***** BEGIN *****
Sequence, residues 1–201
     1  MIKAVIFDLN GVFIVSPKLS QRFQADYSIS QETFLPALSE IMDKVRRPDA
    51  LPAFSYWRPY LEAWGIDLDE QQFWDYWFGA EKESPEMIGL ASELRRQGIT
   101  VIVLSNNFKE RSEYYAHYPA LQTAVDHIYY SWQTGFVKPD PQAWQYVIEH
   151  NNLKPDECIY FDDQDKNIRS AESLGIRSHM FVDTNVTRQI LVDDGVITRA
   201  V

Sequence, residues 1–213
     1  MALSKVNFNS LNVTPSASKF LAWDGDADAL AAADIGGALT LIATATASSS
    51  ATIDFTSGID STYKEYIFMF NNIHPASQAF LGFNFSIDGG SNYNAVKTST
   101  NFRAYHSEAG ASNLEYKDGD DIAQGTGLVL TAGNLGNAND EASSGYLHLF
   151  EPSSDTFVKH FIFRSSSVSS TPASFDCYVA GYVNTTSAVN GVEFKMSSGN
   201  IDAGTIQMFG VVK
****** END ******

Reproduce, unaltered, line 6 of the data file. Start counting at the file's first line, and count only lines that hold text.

   201  V